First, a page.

If you’ve been on the internet today, then you’ve probably already seen a lot of commentary on some notes Donald Glover put up on his Instagram. Some of it has simply been reposts of the material, while some publications have posted questionable, slightly condescending remarks about whether we should be “worried,” but there has probably been as much of an outpouring of sympathy and understanding as there has been exploitative Millenial nagging and buffoonish commentary from trolls, on and off the internet. What has been missing, though, is much in the way of an examination of the unique pressures faced by celebrities like Donald Glover.
Like his compatriots in the Lonely Island, Glover is a comedian who came up through the internet. Back when he was at NYU and in Hammerkatz, he was my friend Rachel’s RA and she used to send me clips of his work in Derrick Comedy, and I’d get updates on how famous Glover was getting while still being a pretty down-to-earth guy. Love or hate Glover, there’s no denying that he worked hard to make it, and even took some huge risks in order to advance his career the way he wanted to, from leaving a writing gig on 30 Rock to pursue acting with Community to his most recent decision to leave Community for his own show on FX, called Atlanta. And through it all, he’s worked at his rap persona Childish Gambino, resulting in a surprise hit album, Camp, and a follow-up on the way. He’s become a cultural force thanks to the internet, and he’s one of the rare performers who still understands exactly how to utilize the internet to continue to advance his career.
But as much as we talk about how the internet has changed the game in regards to this kind of artist development and consumer convenience, I think we often forget to consider the impact it has on the stability of our artists. We’ve moved incredibly quickly from an era where art careers developed and were cultivated sometimes over entire decades to an era where we discover artists instantaneously and just as quickly get bored with them. A comedian like Glover in the past more than likely would have had to work endless, brutal circuits getting paid next to nothing while resisting the better paychecks that come with selling out. And that’s to say nothing of the very real disadvantages he would have faced in the industry just because of his skin color.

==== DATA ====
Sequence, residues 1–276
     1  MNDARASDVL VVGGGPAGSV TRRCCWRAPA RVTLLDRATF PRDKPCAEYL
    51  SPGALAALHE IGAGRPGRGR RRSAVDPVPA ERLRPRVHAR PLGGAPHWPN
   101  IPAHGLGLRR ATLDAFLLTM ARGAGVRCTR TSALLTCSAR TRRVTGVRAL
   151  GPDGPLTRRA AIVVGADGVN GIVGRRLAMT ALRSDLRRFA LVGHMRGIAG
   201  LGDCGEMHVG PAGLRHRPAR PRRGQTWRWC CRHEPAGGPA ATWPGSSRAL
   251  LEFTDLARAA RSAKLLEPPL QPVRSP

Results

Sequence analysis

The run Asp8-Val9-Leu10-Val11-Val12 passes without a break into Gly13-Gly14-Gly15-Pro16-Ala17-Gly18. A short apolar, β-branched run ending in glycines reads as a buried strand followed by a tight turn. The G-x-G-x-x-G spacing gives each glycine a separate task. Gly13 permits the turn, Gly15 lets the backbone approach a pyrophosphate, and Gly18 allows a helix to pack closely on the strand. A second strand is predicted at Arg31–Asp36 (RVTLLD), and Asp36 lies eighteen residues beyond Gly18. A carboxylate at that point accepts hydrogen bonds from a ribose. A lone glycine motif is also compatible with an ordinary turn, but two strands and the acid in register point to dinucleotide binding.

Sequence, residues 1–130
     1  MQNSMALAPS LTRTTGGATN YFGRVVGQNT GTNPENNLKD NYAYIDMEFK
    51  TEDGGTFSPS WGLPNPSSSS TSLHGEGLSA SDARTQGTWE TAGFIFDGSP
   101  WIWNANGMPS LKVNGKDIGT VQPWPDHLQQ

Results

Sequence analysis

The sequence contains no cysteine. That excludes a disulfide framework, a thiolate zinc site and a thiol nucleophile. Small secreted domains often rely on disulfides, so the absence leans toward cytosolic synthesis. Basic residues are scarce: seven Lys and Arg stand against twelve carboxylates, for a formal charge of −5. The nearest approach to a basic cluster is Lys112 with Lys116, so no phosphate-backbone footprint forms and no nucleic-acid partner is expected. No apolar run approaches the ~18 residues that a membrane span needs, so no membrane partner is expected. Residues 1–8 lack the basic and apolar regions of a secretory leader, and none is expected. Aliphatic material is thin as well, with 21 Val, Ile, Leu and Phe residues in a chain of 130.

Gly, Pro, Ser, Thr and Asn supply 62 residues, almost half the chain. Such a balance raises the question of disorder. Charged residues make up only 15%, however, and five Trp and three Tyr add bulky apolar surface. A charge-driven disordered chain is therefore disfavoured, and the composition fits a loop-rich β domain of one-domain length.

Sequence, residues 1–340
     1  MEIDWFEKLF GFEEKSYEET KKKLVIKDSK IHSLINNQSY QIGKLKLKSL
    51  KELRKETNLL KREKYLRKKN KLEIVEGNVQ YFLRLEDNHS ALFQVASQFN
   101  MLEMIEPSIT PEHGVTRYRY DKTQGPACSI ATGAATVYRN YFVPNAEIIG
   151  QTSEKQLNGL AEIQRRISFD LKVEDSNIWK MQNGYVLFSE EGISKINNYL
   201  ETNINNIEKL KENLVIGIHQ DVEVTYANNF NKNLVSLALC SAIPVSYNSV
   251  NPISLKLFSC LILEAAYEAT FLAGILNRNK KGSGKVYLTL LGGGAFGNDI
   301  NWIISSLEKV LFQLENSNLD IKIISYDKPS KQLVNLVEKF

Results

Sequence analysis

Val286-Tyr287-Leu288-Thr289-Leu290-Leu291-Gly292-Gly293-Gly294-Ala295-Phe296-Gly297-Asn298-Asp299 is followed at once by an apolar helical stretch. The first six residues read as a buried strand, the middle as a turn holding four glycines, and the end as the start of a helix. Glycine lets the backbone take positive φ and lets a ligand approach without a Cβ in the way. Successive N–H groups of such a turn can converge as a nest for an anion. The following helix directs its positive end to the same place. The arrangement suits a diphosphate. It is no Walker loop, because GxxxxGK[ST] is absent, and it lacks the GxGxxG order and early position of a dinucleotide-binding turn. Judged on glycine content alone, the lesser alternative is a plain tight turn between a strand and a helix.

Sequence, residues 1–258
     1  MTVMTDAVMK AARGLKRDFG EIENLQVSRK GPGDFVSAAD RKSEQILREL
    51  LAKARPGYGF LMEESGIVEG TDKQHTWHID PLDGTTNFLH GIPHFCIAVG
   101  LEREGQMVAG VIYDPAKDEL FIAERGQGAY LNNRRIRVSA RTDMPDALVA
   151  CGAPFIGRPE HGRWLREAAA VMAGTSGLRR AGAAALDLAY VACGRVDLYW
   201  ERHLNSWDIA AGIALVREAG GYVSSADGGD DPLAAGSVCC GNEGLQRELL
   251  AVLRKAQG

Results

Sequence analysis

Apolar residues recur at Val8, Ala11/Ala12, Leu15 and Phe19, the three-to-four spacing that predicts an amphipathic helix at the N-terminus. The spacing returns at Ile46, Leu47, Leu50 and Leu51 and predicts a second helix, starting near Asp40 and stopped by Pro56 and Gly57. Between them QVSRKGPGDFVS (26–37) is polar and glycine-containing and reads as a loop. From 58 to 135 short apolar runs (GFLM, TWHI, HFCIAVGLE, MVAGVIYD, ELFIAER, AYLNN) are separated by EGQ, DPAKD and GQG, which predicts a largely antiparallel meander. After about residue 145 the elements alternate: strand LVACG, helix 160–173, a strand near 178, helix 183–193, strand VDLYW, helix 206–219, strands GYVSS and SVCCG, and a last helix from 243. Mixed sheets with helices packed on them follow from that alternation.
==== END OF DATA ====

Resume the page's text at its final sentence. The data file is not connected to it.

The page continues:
If you’re blanching at that last statement, then consider the other “meltdowns” we’ve seen in the comedy world this year. At the forefront is Dave Chappelle’s continued issues with hostile audiences, a hostility some critics feel is rooted in racism, while genuine instances of mental instability perhaps fueled by the pressures of celebrity become punchlines, a la Katt Williams. Historically you of course have depressing stories like the truth behind Richard Pryor’s free basing “accident,” which was in fact a suicide attempt fueled by Pryor’s belief that the industry was actually out to get him.
While it’s entirely possible that Glover is in need of “help,” there’s no real reason to see these notes from Glover as indicative of something being wrong with him, or a sign that we need to be “worried.” Instead, it should be viewed as an unusually frank confession from an artist who is under higher pressure than normal thanks to his internet upbringing, his wide array of skills and interests and his acute self-awareness in terms of his race, gender and geek status. Glover is savvy and undoubtedly aware of what his predecessors have gone through; Dave Chappelle’s departure from the spotlight in particular occurred right when Glover was seriously entering the comedy world. So why is it that, like Chappelle before him, Glover is recast as “crazy” or “unwell,” rather than simply anxious and astute? And to follow that up, why is it that our black comedians who don’t follow traditional career paths are instantly targeted as mentally unstable in much the same way our female pop stars are, while more clearly disturbed white male celebrities like Charlie Sheen are celebrated?
If we should be worried, it should be for ourselves, as a pop culture audience incapable of respecting the decisions of our artists and their attempts to make their own careers, their own way. I don’t know Glover personally, but I trust his view on his career and his personal and artistic needs more than I trust the judgment of a fickle media and audience. Glover has spent the bulk of his life beating the internet at its own game, who are we to doubt his well-being or judgment at this point?
Nick Hanover got his degree from Disneyland, but he’s the last of the secret agents and he’s your man. Which is to say you can find his particular style of espionage here at Loser City as well as Ovrld, where he contributes music reviews and writes a column on undiscovered Austin bands. You can also flip through his archives at Comics Bulletin, which he is formerly the Co-Managing Editor of, and Spectrum Culture, where he contributed literally hundreds of pieces for a few years. Or if you feel particularly adventurous, you can always witness his odd .gif battles with Dylan Garsee on twitter: @Nick_Hanover